The election of our lifetimes is only a few hours away, oddly, everyone I know has already voted.
Up early, as usual, check my phone, 42 degrees and that squiggly line – gusty winds. Pull on my cold weather clothing, balaclava, and compression pants and off on my morning bike ride. Eddies of leaves swirling across the roads, a howling wind, part of the sky blue with billowing clouds, the other part with low swirling gray clouds; God (he/she) has a wry sense of humor.
I pedal along deserted roads; the Biden-Harris signs greatly outnumber the Trump signs: does signage predict election outcomes? A few drops of rain splash across my face, I pedal harder, no pain, no gain, sort of a motto of life, I’m philosophical as I race along, carefully, on shoulder of the road.
The General Store is empty; I pull up my face mask, a steaming cup of black coffee and a banana, my standard breakfast. I sit outside, sip my coffee and nibble the banana, scroll through my phone, and, read Nate Silver’s Upbeat in the New York Times.
Four years ago Silver’s column, closely following the polls and predicting the odds; Clinton was leading, until James Comey announced he was re-opening the e-mail investigation; with two weeks to go the race began to narrow. I blogged about the contradictory polls (read here): sadly, I was prescient.
The pollster’s motto: never having to say we’re certain, is troubling, and a reality. Polling is a science, an art, and an entrepreneurial business. A poll is a photograph is likely voters at a moment in time: how do you identify “likely voters,” and how do you contact them? We used to teach that polling is dependent on a “stratified, random sample” of “prime voters,” polls want quick results; they have created dense mathematical algorithms that increase margins of error. Today, Nate Silver writes,
A polling error much bigger than 2016’s.
President Trump’s surprising victory in 2016 gave him an aura of political invincibility. But he’s in a far bigger predicament now than the one he faced heading into Election Day in 2016. The polls show Joe Biden with a far more significant lead than the one held by Hillary Clinton, and many of the likeliest explanations for the polling misfire do not appear to be in play today.
Exploring Electoral College Outcomes
Electoral votes counting only the states where a candidate leads by 3 or more:
291 Biden 125 Trump
Electoral votes if polling leads translate perfectly to results (they won’t):
351 Biden 187 Trump
Electoral votes if state polls are as wrong as they were in 2016:
335 Biden 203 Trump
What no one knows is how the counting of mail-in ballots, which in many states will take days, might be impacted by legal challenges.
SCOTUS, as recently as October, has invoked the Purcell Principle,
Under the Purcell principle, courts should not change election rules during the period of time just prior to an election because doing so could confuse voters and create problems for officials administering the election.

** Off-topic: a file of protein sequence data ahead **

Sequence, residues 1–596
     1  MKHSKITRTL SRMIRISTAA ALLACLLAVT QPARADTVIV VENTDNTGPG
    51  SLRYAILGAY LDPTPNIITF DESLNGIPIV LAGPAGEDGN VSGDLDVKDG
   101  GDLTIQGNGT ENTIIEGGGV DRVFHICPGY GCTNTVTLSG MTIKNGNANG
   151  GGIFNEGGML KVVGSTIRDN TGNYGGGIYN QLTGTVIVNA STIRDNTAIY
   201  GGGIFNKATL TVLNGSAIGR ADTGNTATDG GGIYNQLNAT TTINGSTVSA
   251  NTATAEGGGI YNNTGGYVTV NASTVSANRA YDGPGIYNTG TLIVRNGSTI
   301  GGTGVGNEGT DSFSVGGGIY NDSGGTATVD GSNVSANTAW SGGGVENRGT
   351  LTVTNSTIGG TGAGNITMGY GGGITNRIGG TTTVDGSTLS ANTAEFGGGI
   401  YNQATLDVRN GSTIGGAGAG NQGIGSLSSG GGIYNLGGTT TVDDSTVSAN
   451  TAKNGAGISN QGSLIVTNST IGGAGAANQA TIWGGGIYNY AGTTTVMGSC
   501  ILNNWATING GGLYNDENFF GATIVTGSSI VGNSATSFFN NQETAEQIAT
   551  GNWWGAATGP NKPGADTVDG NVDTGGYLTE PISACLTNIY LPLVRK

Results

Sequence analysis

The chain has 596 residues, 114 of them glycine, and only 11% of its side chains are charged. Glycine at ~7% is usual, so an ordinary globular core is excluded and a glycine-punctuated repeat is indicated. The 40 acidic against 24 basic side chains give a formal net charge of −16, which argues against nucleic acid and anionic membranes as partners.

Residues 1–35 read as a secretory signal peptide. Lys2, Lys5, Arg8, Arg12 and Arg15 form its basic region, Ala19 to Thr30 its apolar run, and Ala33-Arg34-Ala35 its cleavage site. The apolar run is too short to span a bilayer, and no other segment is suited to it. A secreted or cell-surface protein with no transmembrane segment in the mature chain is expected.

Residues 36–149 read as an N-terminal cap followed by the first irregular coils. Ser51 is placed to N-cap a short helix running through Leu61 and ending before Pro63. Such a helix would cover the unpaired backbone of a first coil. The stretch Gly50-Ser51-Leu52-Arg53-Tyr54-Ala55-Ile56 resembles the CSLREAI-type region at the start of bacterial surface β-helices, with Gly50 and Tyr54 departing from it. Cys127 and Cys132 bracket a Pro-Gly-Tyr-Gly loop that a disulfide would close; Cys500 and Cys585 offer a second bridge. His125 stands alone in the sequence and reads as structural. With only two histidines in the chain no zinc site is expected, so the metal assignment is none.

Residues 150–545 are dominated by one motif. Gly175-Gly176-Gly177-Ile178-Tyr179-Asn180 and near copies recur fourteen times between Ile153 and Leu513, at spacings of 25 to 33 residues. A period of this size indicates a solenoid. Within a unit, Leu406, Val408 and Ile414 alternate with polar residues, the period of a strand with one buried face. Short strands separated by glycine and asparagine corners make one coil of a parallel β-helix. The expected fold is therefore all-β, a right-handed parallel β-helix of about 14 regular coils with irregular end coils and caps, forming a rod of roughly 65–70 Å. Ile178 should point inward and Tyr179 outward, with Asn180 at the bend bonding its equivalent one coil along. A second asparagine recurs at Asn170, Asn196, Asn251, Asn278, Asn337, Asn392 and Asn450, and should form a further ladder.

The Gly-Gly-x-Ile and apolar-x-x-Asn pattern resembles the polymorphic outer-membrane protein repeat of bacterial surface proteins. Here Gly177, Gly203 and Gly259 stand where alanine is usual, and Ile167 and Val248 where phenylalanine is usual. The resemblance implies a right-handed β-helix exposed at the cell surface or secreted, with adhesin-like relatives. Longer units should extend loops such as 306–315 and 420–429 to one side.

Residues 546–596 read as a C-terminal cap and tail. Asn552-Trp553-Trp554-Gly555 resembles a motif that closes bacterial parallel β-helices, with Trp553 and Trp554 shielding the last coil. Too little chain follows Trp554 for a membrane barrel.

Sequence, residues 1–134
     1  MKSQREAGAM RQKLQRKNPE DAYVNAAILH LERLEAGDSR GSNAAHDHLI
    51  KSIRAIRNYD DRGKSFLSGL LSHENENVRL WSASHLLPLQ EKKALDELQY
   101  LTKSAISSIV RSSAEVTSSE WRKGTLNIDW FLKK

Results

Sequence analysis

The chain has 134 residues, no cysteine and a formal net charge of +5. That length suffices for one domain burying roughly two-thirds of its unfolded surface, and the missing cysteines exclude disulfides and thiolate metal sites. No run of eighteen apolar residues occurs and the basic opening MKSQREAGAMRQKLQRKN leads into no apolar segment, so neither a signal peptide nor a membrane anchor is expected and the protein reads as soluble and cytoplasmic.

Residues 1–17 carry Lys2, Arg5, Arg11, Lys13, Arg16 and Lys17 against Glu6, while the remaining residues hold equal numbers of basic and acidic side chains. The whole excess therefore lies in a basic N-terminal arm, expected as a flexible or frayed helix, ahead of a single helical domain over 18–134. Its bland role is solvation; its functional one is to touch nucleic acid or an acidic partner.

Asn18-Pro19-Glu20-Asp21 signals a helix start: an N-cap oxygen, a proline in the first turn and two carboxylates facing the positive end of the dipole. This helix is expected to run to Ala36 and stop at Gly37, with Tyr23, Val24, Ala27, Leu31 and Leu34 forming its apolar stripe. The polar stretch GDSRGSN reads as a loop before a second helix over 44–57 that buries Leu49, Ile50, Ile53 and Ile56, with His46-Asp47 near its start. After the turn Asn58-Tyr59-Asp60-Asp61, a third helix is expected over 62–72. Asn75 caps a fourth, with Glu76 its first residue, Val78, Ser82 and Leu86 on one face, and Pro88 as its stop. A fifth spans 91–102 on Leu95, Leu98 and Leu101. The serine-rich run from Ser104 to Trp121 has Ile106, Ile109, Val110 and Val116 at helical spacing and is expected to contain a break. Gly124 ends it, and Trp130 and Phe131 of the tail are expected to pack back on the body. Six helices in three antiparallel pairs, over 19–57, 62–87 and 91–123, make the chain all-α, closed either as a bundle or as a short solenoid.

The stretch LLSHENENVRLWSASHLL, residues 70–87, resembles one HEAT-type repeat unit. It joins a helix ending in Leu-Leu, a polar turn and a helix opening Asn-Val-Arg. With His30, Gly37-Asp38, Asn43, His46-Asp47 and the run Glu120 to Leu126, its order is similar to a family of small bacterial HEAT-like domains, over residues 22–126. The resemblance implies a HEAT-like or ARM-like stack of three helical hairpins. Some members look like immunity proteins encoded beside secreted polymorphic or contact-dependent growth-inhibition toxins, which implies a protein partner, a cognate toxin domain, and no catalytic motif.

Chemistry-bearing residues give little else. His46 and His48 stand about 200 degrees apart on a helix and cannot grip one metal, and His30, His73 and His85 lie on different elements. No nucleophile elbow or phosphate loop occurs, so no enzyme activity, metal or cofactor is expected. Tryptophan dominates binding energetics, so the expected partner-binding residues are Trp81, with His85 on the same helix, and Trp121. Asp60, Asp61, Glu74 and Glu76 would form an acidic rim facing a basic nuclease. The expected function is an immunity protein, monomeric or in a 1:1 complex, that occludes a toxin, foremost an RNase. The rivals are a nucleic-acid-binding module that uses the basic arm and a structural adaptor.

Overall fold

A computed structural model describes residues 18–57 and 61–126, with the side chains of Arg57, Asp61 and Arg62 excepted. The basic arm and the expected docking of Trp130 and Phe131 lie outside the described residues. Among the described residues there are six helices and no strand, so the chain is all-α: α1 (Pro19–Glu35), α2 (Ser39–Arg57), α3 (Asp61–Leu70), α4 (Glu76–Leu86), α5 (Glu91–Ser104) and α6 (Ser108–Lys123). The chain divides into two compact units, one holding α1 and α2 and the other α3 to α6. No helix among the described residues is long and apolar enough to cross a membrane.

Justices Kavanaugh and Roberts joining the three liberal justices, referencing the Purcell Principle, turned back an attempt impose Voter ID restrictions.
The question of the counting of ballots, especially in an election in which 90 million voters voted early in-person or by mail, will likely be challenged by Trump; the majority of early voters are democrats. Laws vary widely from state to state, in some states mail in ballots are prepared to be counted as they are received, in others the ballots await the closing of polls, in others states votes postmarked before the closing of polls and received afterwards will be counted.
The only SCOTUS case law is Bush v Gore.
We all remember 2000, the Florida Supreme Court ordered a recount and SCOTUS, and in a 5-4 decision overturned the Florida courts, effectively ending the election.
The Court in Bush v Gore made it abundantly clear,
“Our consideration is limited to the present circumstances,” the majority wrote. In other words: The decision was a ticket for one ride only, handing the presidency to George W. Bush and then disappearing. In the two decades that followed, only a single Supreme Court opinion ever cited the case, and that was a passing reference in a footnote to a 2013 dissent from Justice Clarence Thomas.
Is the conservative majority on the Court, once again, opening the door to intervening in the counting of the votes?
In a footnote to an October decision, Justice Kavanaugh addressed a different question, one not before the court. Citing Bush v. Gore, he said federal courts do have a role to play in supervising state courts in some election disputes.
“As Chief Justice Rehnquist persuasively explained in Bush v. Gore,” Justice Kavanaugh wrote, referring to a concurring opinion in that case, “the text of the Constitution requires federal courts to ensure that state courts do not rewrite state election laws.”
Nathaniel Persily, a law professor opines. “What that presages for post election litigation this year is that in the event there is conflict with state courts and state legislatures, there are several justices on the Supreme Court who are leaning toward the legislatures.” Republican governors and Republican legislatures can “seize” and try and manipulate the post-election count.
Stalling the count could result in preventing the Congress from “counting” the electoral votes and declaring a winner, and the relevant legislation, the Electoral Count Act of 1887 is obtuse.
One hand I am buoyed by Nate Silver’s Upshot predictions; however, I am a Mets, Jets, Knicks fan, forever hopeful and with that gray cloud always hovering.
I’m planning my victory party, maybe not Tuesday night, maybe a few days later, socially distancing, wearing a face mask, takeout Chinese and a fine adult beverage.